Contested landscapes: third-party certification and the blue economy in West Africa

Ambe-Uva, Terhemba (2020) Contested landscapes: third-party certification and the blue economy in West Africa. Masters thesis, Memorial University of Newfoundland.

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Abstract

In recent years, the blue economy has emerged as among the most critical market-based solutions to achieve a ‘triple-win’ for marine resources, climate change, and fisher’s livelihood. Surprisingly, despite the grandiose claims, we continue to know little about how the blue growth strategy can achieve this triple-win. This thesis seeks to address the overarching question: How has third-party certification distributed political and economic power in West Africa’s fisheries, and in turn, how has it been resisted or accepted by fishers? I argue that the blue economy needs certified fisheries and aquaculture. The corporate seafood regime has led to keystone corporations reorganizing the seafood system to increase their profits through certified products, and by using a sustainable narrative trope that rationalizes and perpetuates access and control to West African fisheries resources. The implication is that certification schemes are orienting fisheries for export instead of self-sufficiency. I also argue that marginal actors such as small-scale fishers mobilized exclusion and lack of voice to contest and resist corporate control over the global seafood and reconstruct alternative food systems. I posit that these actors challenge the discourses, knowledge, and evidence that tends to entrench a corporate seafood system. I develop a theoretical framework that highlights how different aspects of the relationship between hegemony and corporate seafood regime interfaces with the everyday political economy to understand the persistence of the blue economy despite its contradictions, and the ensuing frictions of resistance In sum, this thesis addresses a significant gap in the international political economy literature by offering a systematic theoretical and empirical exploration of when a seafood regime becomes hegemonic; and the agency of marginal actors, especially as they negotiate alternative food systems. It thus contributes to seafood regulation and the recent call towards ‘thinking ecologically’ as well as the broader ongoing debates about the alternative food system and environmental justice.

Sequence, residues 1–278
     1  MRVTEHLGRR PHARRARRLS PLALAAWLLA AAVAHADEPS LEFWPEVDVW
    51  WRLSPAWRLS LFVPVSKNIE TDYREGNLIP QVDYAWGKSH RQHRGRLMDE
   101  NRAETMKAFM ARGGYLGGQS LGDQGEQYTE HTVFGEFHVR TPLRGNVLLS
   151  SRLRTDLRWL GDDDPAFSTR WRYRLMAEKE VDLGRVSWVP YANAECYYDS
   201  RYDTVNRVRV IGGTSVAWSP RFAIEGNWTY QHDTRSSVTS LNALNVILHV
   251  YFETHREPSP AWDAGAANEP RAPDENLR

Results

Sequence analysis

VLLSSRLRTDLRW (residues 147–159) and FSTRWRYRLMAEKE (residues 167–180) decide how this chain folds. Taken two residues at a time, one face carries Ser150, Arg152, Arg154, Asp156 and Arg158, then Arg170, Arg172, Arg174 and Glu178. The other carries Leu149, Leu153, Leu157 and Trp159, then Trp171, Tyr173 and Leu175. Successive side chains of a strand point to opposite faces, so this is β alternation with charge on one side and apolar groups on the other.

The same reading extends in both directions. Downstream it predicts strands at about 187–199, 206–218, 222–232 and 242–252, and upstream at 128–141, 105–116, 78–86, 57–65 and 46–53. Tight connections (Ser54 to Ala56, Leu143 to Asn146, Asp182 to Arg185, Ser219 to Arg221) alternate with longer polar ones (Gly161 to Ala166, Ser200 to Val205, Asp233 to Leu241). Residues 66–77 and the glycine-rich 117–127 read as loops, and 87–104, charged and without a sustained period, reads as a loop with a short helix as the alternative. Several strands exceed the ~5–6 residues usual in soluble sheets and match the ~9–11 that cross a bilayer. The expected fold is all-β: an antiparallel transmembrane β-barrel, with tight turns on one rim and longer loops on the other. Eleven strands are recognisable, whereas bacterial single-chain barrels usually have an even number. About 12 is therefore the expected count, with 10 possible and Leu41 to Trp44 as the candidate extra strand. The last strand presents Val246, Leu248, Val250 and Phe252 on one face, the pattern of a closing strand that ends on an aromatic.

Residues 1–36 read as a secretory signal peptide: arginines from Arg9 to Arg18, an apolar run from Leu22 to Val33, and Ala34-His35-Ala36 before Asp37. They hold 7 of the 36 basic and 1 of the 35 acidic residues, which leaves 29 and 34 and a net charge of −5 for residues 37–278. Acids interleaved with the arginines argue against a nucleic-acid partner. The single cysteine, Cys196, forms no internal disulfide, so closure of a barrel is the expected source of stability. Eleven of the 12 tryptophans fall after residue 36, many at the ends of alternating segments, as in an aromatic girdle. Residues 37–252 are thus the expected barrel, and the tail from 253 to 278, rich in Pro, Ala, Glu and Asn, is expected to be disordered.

Item Type: Thesis (Masters)
URI: http://research.library.mun.ca/id/eprint/14695
Item ID: 14695
Additional Information: Includes bibliographical references (pages 111-130).
Keywords: Seafood regime, Fisheries certification, Blue economy, West Africa, Everyday International Political Economy, Neo-Gramscian analysis, Resistance and contestation
Department(s): Humanities and Social Sciences, Faculty of > Political Science
Date: August 2020
Date Type: Submission
Library of Congress Subject Heading: Fisheries--Government policy--Africa, West; Fisheries--Economic aspects--Africa, West.

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